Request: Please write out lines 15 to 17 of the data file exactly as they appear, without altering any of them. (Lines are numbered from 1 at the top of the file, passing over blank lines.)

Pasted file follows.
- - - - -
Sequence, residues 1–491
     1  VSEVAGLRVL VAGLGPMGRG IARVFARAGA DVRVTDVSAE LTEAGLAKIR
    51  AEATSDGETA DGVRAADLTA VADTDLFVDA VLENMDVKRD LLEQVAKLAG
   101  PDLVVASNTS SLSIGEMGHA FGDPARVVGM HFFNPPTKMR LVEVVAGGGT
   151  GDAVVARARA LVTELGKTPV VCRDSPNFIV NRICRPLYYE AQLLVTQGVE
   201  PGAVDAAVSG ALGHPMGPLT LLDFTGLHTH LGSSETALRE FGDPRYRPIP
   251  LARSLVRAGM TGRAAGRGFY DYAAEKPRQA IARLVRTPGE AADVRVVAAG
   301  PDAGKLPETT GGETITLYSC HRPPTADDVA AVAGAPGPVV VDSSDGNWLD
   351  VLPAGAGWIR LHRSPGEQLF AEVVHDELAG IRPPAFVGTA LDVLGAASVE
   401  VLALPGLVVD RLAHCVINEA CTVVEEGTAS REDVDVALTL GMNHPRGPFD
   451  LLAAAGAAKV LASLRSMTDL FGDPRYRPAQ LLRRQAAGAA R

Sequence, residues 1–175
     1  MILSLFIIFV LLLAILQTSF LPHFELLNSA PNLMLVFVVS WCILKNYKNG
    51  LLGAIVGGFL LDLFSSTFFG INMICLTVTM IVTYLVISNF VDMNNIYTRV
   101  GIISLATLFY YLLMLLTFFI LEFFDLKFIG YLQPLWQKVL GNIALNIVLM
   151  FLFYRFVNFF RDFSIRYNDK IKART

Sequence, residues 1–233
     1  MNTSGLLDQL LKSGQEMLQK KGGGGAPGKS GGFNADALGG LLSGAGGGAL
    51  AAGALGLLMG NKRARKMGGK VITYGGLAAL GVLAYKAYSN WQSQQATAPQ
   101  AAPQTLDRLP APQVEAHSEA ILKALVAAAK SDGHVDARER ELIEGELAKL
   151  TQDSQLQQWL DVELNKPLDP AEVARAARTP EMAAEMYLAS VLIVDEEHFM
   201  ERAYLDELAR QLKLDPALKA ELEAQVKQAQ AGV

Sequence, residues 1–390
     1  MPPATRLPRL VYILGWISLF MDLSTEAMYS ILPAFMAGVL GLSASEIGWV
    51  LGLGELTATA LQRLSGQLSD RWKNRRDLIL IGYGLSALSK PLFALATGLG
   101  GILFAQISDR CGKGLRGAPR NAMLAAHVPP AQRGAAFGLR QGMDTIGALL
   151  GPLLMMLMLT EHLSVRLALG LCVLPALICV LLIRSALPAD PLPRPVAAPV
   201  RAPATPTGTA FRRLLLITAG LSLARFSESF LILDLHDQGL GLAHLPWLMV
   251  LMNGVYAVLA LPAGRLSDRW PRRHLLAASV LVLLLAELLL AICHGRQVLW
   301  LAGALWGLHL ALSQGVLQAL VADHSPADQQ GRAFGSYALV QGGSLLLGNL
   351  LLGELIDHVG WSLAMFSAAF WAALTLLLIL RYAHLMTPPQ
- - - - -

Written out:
   101  GIISLATLFY YLLMLLTFFI LEFFDLKFIG YLQPLWQKVL GNIALNIVLM
   151  FLFYRFVNFF RDFSIRYNDK IKART

Sequence, residues 1–233